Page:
score_d: The score of the document that has not be squashed between 0 and 1. The score may be positive or negative. The higher the score the better the document fits the class. This un-squashed score will be useful in query re-ranking and recommendation use cases. This score is particularly useful when multiple high ranking documents have a probability_d score of 1, which won't provide a meaningful ranking between documents.

Parameters

  • model expression: (Mandatory) Retrieves the stored logistic regression model.
  • field: (Mandatory) The field in the tuples to apply the classifier to. By default the analyzer for this field in the schema will be used extract the features.
  • analyzerField: (Optional) Specifies a different field to find the analyzer from in the schema.

Syntax

In the example above the classify expression is retrieving the model using the model function. It is then classifying tuples returned by the search function. The text_t field is used for the text classification and the analyzer for the text_t field in the Solr schema is used to analyze the text and extract the features.

commit

The commit function wraps a single stream (A) and given a collection and batch size will send commit messages to the collection when the batch size is fulfilled or the end of stream is reached. A commit stream is used most frequently with an update stream and as such the commit will take into account possible summary tuples coming from the update stream. All tuples coming into the commit stream will be returned out of the commit stream - no tuples will be dropped and no tuples will be added.

Parameters

  • collection: The collection to send commit messages to (required)
  • batchSize: The commit batch size, sends commit message when batch size is hit. If not provided (or provided as value 0) then a commit is only sent at the end of the incoming stream.
  • waitFlush: The value passed directly to the commit handler (true/false, default: false)
  • waitSearcher: The value passed directly to the commit handler (true/false, default: false)
  • softCommit: The value passed directly to the commit handler (true/false, default: false)
  • StreamExpression for StreamA (required)

Syntax 

complement

The complement function wraps two streams (A and B) and emits tuples from A which do not exist in B. The tuples are emitted in the order in which they appear in stream A. Both streams must be sorted by the fields being used to determine equality (using the on parameter).

Parameters

  • StreamExpression for StreamA
  • StreamExpression for StreamB
  • on: Fields to be used for checking equality of tuples between A and B. Can be of the format on="fieldName", on="fieldNameInLeft=fieldNameInRight", or on="fieldName, otherFieldName=rightOtherFieldName".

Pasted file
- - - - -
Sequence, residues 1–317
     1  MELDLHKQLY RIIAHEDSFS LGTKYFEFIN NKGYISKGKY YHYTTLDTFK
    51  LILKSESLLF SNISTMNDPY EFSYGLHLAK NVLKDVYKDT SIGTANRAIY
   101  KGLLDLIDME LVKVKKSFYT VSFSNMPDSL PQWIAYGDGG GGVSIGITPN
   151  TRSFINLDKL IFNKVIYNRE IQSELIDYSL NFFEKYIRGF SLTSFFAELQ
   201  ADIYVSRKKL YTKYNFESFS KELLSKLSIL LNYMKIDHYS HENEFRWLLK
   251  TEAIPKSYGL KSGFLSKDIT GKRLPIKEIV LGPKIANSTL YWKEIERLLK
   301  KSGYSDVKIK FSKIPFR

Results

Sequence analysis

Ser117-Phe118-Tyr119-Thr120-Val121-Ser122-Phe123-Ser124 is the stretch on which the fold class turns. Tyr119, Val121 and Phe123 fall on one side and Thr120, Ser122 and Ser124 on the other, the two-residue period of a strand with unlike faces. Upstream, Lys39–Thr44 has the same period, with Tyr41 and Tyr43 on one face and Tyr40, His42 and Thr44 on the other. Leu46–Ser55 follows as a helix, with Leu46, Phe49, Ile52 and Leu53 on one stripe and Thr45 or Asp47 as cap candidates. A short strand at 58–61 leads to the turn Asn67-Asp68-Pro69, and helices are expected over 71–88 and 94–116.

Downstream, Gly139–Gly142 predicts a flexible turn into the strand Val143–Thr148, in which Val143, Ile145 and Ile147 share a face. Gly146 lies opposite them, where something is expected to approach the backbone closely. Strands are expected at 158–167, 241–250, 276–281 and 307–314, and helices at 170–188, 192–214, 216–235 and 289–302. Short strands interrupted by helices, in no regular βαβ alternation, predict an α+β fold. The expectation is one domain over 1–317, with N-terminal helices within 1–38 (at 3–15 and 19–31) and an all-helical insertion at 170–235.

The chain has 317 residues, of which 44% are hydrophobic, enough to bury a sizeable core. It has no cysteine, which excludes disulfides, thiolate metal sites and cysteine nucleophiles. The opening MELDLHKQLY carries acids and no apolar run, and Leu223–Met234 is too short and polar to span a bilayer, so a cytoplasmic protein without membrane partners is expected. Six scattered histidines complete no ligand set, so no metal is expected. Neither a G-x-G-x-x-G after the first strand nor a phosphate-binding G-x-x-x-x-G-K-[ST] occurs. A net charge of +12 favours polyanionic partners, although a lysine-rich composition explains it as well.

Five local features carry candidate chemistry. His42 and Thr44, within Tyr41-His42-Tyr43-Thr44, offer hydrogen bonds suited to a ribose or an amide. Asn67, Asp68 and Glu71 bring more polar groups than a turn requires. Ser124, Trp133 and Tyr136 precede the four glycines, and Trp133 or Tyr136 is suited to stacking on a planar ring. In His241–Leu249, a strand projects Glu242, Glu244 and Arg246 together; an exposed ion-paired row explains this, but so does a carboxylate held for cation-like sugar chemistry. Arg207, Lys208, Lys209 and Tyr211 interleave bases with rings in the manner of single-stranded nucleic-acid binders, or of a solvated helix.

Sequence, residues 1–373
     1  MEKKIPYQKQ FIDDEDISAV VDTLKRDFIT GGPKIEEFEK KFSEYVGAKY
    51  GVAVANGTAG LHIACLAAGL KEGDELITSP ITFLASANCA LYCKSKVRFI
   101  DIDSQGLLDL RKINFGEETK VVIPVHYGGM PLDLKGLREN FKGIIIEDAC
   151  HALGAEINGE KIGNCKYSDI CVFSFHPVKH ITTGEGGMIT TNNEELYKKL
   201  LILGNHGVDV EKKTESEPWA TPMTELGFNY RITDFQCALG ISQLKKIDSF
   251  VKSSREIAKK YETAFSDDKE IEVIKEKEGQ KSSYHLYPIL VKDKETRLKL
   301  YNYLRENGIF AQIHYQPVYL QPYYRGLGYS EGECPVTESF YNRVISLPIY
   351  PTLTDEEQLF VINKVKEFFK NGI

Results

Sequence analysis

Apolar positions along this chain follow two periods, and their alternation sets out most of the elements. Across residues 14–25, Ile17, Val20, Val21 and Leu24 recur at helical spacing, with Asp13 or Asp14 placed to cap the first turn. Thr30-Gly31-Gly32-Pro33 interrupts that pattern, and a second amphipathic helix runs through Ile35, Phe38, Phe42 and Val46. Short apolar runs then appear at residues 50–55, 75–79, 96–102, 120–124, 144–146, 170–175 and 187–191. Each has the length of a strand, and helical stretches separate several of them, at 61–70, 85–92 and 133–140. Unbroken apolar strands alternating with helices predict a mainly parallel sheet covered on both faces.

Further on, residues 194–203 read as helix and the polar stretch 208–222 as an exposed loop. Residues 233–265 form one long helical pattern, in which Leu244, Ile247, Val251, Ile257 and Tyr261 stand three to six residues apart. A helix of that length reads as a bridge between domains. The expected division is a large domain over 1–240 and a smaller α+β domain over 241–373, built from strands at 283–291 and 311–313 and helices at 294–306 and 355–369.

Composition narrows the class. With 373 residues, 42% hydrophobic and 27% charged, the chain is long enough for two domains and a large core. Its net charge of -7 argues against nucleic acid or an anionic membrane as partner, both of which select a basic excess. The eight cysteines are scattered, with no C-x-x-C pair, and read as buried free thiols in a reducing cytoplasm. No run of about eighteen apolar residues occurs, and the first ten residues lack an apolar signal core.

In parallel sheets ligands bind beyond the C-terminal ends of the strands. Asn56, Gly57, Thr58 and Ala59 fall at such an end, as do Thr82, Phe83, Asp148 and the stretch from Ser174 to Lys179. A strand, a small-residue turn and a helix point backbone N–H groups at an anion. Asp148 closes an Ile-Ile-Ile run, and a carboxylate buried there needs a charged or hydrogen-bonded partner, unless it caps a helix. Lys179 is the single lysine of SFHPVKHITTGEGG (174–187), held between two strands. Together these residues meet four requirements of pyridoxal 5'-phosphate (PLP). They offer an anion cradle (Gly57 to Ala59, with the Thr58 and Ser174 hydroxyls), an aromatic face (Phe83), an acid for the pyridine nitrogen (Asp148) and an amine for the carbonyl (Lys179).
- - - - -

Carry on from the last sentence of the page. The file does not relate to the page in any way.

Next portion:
Syntax 

daemon

The daemon function wraps another function and runs it at intervals using an internal thread. The daemon function can be used to provide both continuous push and pull streaming.

Continuous push streaming

With continuous push streaming the daemon function wraps another function and is then sent to the /stream handler for execution. The /stream handler recognizes the daemon function and keeps it resident in memory, so it can run its internal function at intervals. 

In order to facilitate the pushing of tuples, the daemon function must wrap another stream decorator that pushes the tuples somewhere. One example of this is the update function, which wraps a stream and sends the tuples to another SolrCloud collection for indexing.

Syntax

The sample code above shows a daemon function wrapping an update function, which is wrapping a topic function. When this expression is sent to the /stream handler, the /stream hander sees the daemon function and keeps it in memory where it will run at intervals. In this particular example, the daemon function will run the update function every second. The update function is wrapping a topic function, which will stream tuples that match the topic function query in batches. Each subsequent call to the topic will return the next batch of tuples for the topic. The update function will send all the tuples matching the topic to another collection to be indexed. The terminate parameter tells the daemon to terminate when the topic function stops sending tuples.

The effect of this is to push documents that match a specific query into another collection. Custom push functions can be plugged in that push documents out of Solr and into other systems, such as Kafka or an email system.

Push streaming can also be used for continuous background aggregation scenarios where aggregates are rolled up in the background at intervals and pushed to other Solr collections. Another use case is continuous background machine learning model optimization, where the optimized model is pushed to another Solr collection where it can be integrated into queries.

The /stream handler supports a small set commands for listing and controlling daemon functions:

This command will provide a listing of the current daemon's running on the specific node along with there current state.

This command will stop a specific daemon function but leave it resident in memory.

This command will start a specific daemon function that has been stopped.

This command will stop a specific daemon function and remove it from memory.

Continous Pull Streaming

The DaemonStream java class (part of the SolrJ libraries) can also be embedded in a java application to provide continuous pull streaming. Sample code: